The envelope had the words “Internal Revenue Service” printed on the outside. Oh no, Vaughn thought, this could be bad news. It was bad news. IRS had determined that Vaughn owed $963, plus $88 interest, from two years ago. They had disallowed a deduction for two reasons. One, his adjusted gross income that year was more than $40,000, and two, he was covered by an employer retirement plan. Therefore, said IRS, he was not allowed the deduction he had taken for his individual retirement account.
IRS sent him six pages of explanations and instructions. IRS included a returnable form with an "Agree" box and a "Disagree" box. If he checked Agree, he must pay the full amount. If he checked Disagree, he must send documentation supporting the reasons for his disagreement. If his documentation was correct, he would owe nothing.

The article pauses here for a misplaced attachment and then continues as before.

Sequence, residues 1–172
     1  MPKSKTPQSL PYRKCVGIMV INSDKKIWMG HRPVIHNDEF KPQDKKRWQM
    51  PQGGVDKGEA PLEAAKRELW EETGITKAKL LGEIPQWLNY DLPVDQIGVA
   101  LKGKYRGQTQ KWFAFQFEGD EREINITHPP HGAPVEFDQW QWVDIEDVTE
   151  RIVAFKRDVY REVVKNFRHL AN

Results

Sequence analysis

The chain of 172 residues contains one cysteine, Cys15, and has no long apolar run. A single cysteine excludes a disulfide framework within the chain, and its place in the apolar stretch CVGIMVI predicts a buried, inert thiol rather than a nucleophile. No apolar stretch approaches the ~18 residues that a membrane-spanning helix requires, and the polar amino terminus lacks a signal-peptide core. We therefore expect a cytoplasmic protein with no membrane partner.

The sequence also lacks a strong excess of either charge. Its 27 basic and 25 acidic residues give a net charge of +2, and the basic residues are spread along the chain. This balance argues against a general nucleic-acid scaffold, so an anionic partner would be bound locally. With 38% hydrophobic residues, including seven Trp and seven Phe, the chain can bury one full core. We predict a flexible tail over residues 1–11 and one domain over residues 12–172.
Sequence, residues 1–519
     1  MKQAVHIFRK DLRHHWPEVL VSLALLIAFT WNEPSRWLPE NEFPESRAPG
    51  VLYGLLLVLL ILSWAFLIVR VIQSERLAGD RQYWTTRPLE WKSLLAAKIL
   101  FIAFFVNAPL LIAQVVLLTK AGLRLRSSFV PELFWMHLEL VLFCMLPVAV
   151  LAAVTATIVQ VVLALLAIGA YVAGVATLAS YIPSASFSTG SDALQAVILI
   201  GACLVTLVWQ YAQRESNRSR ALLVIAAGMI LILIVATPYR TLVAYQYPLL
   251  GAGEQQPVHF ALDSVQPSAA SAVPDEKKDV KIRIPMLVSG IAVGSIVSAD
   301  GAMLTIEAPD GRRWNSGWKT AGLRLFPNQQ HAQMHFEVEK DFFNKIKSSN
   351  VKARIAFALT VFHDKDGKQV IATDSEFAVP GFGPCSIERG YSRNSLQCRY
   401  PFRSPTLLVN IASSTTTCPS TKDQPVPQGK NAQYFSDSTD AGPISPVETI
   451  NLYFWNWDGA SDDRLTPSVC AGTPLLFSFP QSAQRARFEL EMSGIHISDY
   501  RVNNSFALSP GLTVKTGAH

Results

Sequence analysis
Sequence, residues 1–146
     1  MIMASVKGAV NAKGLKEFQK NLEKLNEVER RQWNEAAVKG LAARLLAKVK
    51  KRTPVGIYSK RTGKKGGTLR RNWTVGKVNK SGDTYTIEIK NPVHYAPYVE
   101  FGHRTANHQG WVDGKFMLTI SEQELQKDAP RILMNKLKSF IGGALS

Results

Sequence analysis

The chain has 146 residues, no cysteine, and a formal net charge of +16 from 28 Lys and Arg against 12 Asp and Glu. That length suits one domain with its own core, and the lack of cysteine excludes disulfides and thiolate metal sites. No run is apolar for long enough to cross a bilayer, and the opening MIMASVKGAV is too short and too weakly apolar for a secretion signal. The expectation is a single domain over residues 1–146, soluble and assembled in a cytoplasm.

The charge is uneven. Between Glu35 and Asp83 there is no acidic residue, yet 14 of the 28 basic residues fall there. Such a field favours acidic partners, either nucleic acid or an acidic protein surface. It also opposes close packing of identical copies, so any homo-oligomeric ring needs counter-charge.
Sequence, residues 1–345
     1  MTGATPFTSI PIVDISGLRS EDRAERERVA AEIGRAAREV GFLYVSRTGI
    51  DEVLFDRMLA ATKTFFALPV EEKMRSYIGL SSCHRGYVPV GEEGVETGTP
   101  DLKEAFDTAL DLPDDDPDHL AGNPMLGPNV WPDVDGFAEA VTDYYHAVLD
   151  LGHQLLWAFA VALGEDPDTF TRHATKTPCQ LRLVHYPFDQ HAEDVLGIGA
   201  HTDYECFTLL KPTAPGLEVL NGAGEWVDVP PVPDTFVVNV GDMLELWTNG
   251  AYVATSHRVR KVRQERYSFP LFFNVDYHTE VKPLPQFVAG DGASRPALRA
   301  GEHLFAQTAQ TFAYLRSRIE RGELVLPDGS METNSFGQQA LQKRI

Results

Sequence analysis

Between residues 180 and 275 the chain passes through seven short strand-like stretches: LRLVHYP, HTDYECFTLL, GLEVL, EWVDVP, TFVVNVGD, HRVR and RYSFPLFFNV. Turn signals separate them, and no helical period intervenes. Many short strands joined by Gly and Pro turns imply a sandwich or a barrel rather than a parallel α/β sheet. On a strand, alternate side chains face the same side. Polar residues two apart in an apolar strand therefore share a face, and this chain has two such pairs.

He called the IRS 800 number just to make sure he had read the instructions correctly. An agent told him to simply send a check with the full amount whether he agreed or disagreed. If he disagreed but his documentation was correct, IRS would return the full amount of his check within eight weeks.
“Don’t believe that agent. For now, just send them the documentation,” advised Vaughn's brother later that day. “Make IRS wait for the money. It’s your money, not theirs.”